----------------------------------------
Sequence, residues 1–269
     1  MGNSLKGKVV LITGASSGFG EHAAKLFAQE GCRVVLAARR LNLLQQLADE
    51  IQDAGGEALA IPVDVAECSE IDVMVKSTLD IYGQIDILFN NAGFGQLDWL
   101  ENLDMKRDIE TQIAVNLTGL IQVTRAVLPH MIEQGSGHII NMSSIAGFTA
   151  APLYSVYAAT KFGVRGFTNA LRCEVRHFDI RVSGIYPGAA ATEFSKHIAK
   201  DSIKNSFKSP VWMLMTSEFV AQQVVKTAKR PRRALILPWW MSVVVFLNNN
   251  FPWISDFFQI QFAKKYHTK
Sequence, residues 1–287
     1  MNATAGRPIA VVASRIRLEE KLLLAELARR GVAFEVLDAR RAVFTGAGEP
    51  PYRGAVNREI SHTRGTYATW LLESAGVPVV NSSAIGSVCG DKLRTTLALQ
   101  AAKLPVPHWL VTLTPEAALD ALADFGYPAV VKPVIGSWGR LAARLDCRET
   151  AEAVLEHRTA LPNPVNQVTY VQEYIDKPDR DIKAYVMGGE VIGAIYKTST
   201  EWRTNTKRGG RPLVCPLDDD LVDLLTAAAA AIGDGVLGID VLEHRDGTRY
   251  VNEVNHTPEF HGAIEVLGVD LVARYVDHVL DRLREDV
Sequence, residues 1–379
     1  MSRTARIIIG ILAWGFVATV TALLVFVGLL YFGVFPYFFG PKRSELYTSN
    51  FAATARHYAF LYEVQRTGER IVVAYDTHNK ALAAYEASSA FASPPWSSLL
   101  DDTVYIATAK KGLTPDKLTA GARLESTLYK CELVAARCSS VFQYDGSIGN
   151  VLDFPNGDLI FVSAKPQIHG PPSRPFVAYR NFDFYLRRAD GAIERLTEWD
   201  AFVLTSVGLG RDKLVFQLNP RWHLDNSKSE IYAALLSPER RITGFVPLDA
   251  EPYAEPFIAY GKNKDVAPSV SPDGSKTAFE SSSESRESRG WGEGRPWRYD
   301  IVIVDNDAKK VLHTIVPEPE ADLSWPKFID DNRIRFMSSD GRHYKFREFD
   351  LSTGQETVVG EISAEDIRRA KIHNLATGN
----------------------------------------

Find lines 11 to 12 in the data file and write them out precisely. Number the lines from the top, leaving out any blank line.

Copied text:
   101  AAKLPVPHWL VTLTPEAALD ALADFGYPAV VKPVIGSWGR LAARLDCRET
   151  AEAVLEHRTA LPNPVNQVTY VQEYIDKPDR DIKAYVMGGE VIGAIYKTST